Chelsea Flower Show: SA exhibitors' blooming great success

Kirstenbosch at the Chelsea Flower Show. (Supplied)

Kirstenbosch at the Chelsea Flower Show. (Supplied)

This week South African newspapers were full of news of the country’s gold medal received at the 
famous Chelsea Flower Show
in London. The medal – the 33rd awarded to South Africa by the Royal Horticultural Society – was received by designer David Davidson and horticulturalist Raymond Hudson on behalf of the South African National Biodiversity Institute.

Their stand at the Chelsea Flower Show was a celebration of the centenary of the Cape’s Kirstenbosch National Botanical Garden and it sought to accurately replicate a number of locales in the garden. According to the official description of the installation, “The display is an enclosed reconstruction of the Central Garden and Dell – the oldest and most beautiful parts of the Garden.

“The circular, walk-through exhibit features the Dell and Cycad Amphitheatre on one side, and the Protea Garden and mountain skyline on the other.
The overhead sky canopy enhances the sense of quietude that enfolds the Garden.

“The display features some of the ‘centenarians’, our oldest and most distinguished residents. These are plants that have been growing at Kirstenbosch for a hundred years or more, or were introduced during the first five years, from 1913 to 1917, and are still here today.”

Coincidentally, the Chelsea Flower Show, which ends on May 25, also celebrated its centenary this year.

In an interview from London, Davidson, who has been involved with the designs of the South African display for 20 years, said that the flower show continued to provide “a valuable platform [for] South Africa to market itself”. Foreigners who had visited South Africa, as well as expatriates who had, over the years, queued to be photographed in replicas of real locations.

Challenges facing the designers
Last year, Davidson said, the country had featured four biomes including the Cape’s fynbos biome and the Karoo biome. “We used gateways, iconic architectural features: a Cape Dutch gateway on the mountainous fynbos side, and we had a traditional Ndebele archway from the Limpopo side,” Davidson said.

He said that the challenges facing the designers and organisers included the fact that South Africa is heading into winter while the northern hemisphere is beginning to celebrate summer. Davidson and Hudson had required all the necessary permits and documentation to be in place from various authorities in South Africa and in the UK. And they were “restricted by the fact that we cannot bring any live plants into the UK whereas almost every other plant at the exhibit is a live plant, and a collection of the very best live plants available at the time.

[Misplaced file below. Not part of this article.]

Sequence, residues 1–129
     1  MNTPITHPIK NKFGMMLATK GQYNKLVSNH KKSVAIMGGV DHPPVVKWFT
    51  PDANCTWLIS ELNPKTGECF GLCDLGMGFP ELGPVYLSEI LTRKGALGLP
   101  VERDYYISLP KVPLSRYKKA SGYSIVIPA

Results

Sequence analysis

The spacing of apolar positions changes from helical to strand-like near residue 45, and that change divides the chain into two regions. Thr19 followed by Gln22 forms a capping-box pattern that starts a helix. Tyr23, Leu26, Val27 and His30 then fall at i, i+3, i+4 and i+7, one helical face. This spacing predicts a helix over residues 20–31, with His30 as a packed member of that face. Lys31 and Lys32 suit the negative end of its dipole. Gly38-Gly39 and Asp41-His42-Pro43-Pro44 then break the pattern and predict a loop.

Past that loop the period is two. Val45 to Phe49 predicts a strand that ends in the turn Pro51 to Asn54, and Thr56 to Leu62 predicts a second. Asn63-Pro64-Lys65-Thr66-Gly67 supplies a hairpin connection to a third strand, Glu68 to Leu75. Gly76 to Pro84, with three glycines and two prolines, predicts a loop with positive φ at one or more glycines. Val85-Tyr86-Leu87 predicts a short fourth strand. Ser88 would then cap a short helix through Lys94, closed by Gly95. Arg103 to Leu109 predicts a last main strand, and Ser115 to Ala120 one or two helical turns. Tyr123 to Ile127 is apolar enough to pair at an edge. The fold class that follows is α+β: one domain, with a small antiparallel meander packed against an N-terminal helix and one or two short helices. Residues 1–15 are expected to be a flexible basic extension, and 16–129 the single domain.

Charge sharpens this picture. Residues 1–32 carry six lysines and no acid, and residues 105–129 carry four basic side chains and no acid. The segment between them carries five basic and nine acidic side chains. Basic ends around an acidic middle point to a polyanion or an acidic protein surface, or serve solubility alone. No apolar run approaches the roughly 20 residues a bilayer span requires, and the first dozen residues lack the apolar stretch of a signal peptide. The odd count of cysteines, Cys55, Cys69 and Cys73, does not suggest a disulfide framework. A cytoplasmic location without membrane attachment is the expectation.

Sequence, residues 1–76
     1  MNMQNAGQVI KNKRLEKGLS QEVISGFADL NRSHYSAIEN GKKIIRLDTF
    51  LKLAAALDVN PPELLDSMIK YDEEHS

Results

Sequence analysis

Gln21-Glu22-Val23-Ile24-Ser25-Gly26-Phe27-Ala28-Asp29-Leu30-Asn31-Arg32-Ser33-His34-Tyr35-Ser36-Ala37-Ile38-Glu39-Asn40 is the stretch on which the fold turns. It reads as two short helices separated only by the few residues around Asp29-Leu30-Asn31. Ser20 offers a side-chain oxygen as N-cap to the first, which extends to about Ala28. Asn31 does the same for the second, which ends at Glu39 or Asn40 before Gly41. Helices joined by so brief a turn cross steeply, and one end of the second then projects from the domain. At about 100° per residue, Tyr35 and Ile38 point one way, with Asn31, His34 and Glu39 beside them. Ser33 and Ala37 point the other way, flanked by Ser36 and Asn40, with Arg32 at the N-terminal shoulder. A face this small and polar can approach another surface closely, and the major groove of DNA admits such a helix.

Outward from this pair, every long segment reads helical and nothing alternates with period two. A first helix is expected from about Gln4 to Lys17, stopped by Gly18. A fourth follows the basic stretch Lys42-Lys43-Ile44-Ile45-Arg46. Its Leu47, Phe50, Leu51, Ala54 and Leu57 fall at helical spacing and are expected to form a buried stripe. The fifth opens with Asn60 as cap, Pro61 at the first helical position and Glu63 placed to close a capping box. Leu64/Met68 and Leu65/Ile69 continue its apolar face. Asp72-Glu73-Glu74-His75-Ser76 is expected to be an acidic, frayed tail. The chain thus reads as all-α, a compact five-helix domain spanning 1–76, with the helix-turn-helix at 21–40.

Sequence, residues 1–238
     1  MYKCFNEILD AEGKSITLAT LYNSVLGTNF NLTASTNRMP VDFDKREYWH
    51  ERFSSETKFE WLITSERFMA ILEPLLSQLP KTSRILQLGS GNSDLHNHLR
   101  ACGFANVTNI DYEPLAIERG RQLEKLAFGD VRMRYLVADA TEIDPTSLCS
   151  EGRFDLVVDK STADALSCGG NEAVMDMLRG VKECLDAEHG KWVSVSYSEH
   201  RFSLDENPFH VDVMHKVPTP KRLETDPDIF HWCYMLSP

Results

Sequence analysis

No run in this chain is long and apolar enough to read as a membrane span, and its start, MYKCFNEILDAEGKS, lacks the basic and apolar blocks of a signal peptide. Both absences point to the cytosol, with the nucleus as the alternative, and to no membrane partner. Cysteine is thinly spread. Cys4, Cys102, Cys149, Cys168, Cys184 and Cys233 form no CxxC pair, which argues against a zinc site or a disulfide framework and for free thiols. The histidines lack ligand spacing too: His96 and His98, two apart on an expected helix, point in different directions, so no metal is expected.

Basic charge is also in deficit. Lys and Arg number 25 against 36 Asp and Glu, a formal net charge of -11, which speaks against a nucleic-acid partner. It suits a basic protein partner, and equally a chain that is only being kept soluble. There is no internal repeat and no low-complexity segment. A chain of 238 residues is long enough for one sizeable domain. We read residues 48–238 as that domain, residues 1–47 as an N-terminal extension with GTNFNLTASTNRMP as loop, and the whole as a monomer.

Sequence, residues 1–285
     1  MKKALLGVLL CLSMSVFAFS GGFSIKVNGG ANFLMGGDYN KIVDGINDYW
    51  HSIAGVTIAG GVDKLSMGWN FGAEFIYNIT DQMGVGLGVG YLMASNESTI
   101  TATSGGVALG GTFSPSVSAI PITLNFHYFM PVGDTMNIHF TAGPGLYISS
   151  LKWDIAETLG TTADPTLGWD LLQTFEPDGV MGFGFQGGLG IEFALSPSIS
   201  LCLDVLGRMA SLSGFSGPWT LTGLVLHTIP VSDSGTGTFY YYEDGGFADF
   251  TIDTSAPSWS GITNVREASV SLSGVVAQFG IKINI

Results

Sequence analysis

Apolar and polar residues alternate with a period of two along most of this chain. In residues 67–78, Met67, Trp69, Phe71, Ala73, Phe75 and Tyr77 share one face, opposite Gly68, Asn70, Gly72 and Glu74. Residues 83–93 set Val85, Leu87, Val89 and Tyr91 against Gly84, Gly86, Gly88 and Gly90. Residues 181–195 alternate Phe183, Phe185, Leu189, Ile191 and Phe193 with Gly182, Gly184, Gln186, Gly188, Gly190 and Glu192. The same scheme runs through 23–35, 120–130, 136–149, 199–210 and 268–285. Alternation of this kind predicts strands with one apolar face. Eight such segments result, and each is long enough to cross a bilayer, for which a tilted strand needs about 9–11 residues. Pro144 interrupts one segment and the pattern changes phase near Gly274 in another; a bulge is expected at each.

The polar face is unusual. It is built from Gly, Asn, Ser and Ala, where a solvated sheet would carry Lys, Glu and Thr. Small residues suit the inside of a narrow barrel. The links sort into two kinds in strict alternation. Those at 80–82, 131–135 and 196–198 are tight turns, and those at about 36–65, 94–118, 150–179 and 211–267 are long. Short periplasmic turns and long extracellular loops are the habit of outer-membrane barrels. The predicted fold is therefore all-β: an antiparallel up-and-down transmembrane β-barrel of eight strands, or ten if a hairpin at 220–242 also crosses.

“We recreate our exhibit, which is usually a naturalistic landscape, using entirely cut flower material because there is a prohibition on the export of soil from South Africa,” Davidson said.

By contrast, Jan Blok – one of the country’s top landscape gardeners and author of the book A Sense of Space (Struik Lifestyle) – said that he favours an approach to exhibition design that will shock rather than seduce.

“The permanent landscape is just that, permanent, so we try and make it timeless. Whereas, with a show stand you always have to make it a little bit shocking,” Blok said about the concept for his featured work at the Grand Designs Garden & Home Show in Johannesburg this weekend.

'Colour is coming back'
“We are not trying to create an outside garden inside,” Blok said. “We have gone for a whimsical stand. In concept we have tried to highlight a bit of colour this year – colour is coming back, especially all the pastels. We have created a forest with indigenous trees. The whole thing is indigenous and uses smoke to wow the crowds.

“We have also mixed in a bit of the modern. We have got sleek modern benches; antique Versailles wooden planters and we have it all in bubblegum pastels of blues, pinks. So we have mixed the modern and the old, with fabric and indigenous plants."

Blok’s design has something of a surreal, African Alice in Wonderland feel to it. The mini parkland has heightened contrast between European and African elements with indigenous flowers, pelargoniums and thorny fever trees.

Blok has described his design as being “quite off”, which is brave given that it is intended to seduce big crowds who may want to replicate his concept in middle-of-the-road suburbia.

South Africa’s contribution to this year’s Chelsea Flower Show will be on display at the V&A Waterfront in Cape Town from August 31 until September 24. The Grand Designs Home & Garden Show takes place at the Coca-Cola Dome in Northgate, Johannesburg, until May 26.

Matthew Krouse

Matthew Krouse

Matthew Krouse is the arts editor of the Mail & Guardian, a position he has held since 1999. He has edited two anthologies: Positions (Steidl, Jacana Media 2010) about artists engaging with politics in South Africa today, and The Invisible Ghetto (GMP, 1994) a compilation of creative writing about gender. His essays have appeared in collected works about arts and culture here and abroad. He has worked in the theatre for over a decade as an actor, writer and senior publicist at the Market Theatre. Read more from Matthew Krouse

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